David Adam ..... Scottish creative artist ...... author of Wildsketch ..... social realist in Postcard from Brechin
Studio and Wildsketch journal
Studio and Wildsketch journal
Cold fingers of harr creeping up from the sea coddled the heathered land into a chestnut coloured sleep, and feathered fingers spread in a desperate flight as young eagle hunted grouse during twilight's glow, and her belly rumbled with emptiness as the coming march of Winter whistled o'er the hills of her belonging.
All of my sun-smacked day was spent reaching two remote Golden Eagle roosting locations within the high hills and I regularly check these spots for activity because they are frequently used by young eagles foraging on the Glen Esk grouse moors. Many rookie young eagles find their way onto food lucrative shooting estate moors that are not, and never have been, occupied by territorial adult eagles that can be aggressively defensive to vagrant birds.
I bother checking these locations because evidence of existence does not necessarily rely on observations. Often we hear of so called experts casting disparaging remarks about the lack of wildlife on moorland because they have not seen anything move in front of their agenda tinged faces .... huh, experience tells me that nature does not perform somersaults just because you are there!
Checking the 'not so obvious' can reveal insights that indicate an eagle's presence, or sometimes its age by feather study, or nutritional condition. A roost site decorated by plenty of fresh liming and regurgitated pellets might suggest that food is plentiful or, as I found today, there seems to be a shortage in supply ..... certainly I did not find any plucked Mountain Hare, Rabbit or grouse carcasses on my travels of some eleven miles, which is unusual.
Feathers at these locations are gathered up, leaving a reasonably clean site so that a reckoning can be made at the next inspection of whether or not an eagle has been visiting. Certainly suspicions might be raised when an eagle that was obviously frequenting a location a month ago, suddenly does not. Fortunately most sites that I visit do have evidence of fairly continuous usage, but my doubting persecution honed principle of 'used to be' or 'should be' is always at the back of my mind when a raptor seemingly vacates the area.
The 'used to be' factor is very common nowadays, for example, one of the eagle roost sites used to be the location for nesting Peregrine Falcons many years ago ..... did the falcons leave because the eagles suddenly appeared one day, doubtful because eagles have always been here, or was their departure down to illegal persecution, possibly. Peregrines have had a chequered history in this glen where around five nest sites have 'gone' over the years ..... Peregrines and grouse moors cannot co-exist in the opinion of some hardened attitudes.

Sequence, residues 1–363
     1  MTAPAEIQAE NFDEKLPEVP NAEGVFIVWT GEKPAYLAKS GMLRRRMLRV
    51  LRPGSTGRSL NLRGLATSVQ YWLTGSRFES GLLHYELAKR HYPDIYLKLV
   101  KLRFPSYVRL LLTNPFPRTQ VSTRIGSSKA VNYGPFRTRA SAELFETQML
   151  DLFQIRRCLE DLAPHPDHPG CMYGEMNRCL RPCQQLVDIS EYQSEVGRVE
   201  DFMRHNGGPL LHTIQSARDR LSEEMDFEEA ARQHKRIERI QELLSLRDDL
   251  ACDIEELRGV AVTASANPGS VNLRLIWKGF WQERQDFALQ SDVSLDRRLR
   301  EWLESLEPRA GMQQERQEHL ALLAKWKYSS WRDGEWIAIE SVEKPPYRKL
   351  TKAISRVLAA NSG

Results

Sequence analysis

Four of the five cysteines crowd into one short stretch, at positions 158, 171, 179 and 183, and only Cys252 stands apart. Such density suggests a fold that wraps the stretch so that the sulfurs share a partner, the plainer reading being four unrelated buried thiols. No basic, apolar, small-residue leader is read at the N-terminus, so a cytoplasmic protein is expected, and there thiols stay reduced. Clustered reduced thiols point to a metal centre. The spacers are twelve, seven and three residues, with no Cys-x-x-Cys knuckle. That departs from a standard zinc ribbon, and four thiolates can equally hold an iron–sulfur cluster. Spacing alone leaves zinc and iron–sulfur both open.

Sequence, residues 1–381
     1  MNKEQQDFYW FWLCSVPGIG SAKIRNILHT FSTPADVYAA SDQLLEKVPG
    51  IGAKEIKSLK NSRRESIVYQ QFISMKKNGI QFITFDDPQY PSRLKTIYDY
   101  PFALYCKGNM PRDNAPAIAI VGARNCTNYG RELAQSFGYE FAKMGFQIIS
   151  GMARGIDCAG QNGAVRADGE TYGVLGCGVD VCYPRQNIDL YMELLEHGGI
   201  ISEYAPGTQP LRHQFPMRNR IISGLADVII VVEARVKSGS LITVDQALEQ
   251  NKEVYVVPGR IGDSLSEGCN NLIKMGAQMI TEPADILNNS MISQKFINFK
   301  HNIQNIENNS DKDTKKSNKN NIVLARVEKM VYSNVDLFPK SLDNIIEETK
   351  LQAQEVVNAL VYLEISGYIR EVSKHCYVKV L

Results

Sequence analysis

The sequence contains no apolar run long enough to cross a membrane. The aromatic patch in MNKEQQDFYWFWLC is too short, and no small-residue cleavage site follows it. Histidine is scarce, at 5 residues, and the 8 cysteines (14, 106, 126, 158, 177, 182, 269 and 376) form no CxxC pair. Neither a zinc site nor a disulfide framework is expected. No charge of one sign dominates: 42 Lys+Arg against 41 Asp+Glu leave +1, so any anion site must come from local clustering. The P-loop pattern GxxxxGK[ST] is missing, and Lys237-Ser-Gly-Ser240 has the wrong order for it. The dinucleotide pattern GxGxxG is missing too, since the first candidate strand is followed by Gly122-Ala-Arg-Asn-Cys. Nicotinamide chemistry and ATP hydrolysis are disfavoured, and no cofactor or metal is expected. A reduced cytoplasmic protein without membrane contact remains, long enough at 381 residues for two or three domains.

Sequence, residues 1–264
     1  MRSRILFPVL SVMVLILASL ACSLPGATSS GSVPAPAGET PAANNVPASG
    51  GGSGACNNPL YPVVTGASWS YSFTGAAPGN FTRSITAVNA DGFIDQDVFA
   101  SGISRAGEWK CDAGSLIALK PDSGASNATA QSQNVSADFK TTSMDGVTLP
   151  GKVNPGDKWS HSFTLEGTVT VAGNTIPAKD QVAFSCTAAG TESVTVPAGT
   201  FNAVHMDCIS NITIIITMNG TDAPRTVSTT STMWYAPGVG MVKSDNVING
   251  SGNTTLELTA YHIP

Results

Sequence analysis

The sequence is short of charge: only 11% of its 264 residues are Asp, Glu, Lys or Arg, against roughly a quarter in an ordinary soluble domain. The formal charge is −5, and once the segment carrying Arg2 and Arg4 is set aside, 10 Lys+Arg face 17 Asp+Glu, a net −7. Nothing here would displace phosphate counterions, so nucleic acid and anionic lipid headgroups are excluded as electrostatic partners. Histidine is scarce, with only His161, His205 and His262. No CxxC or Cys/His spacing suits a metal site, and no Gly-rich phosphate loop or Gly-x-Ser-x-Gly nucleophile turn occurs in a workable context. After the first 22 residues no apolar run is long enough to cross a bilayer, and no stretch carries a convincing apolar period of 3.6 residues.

The case for 'should be' and 'will be' nesting Peregrines or, indeed, Hen Harriers should be on the lips of everyone with an interest in the future well being of this special glen environment ..... one that provides a home for wildlife, but importantly provides people with their inherent livelihoods ..... surely there is enough room for both, or will 'could do better' be etched eternally in Werritty stone.
Our young Golden Eagle is this year's fledgling from an estate across the march, methinks, and the bird is on the prowl but struggles in hunting accomplishment when compared to an adult bird in flight. She flaps huge wings frequently to stay aloft and impatiently moves from one hillside to another when prey fails to show. This eagle will have to have a fast learning curve in order to survive through a Grampian winter season ..... next year will surely tell.
All text, photographs and sketches done on the 7 November 2020 and subject to copyright - no reproduction.
David Adam Sketchbook
My new book 'Wildsketch' is available from Blurb bookshop
Income from book sales will form a donation to CABS (Committee Against Bird Slaughter)
If you are inspired to go out into the hills and glens of Scotland please leave it as you find it, respect the environment, do not litter or discard so called 'biodegradable' fruit and especially if you are a dog walker keep your beast on a lead and do not bag up its waste then chuck it by the wayside. I recently came across one black poo bag neatly hung on a tree branch for someone else to take home and also a bright blue one thrown in the moorland verge .... why?
Moorland birds like Curlew, Golden Plover, Dunlin, Dotterel, Red and Black Grouse, Ptarmigan and many raptors nest on the ground, it is advisable to keep dogs at heel or preferably on leads when walking on the high plateaux of the Cairngorms during summer months.
Please be aware that it is illegal to disturb nesting eagles or other raptors and you may do so inadvertently in your journeys into the highlands. Observe protected species at a respectful distance usually from about 1000 metres and for short periods of time only.
No wildlife was unduly or knowingly disturbed by my presence or for the purposes of this web page other than what would be expected on a normal hill walk. Many geographic names and location recognizable photos have been omitted to prevent persecution or inquisitive disturbance to named species.
Canon camera 200D with optical zoom lens EFS 55-250mm used; please note that the zoom range distance if given is calculated by OS map from subject location to camera.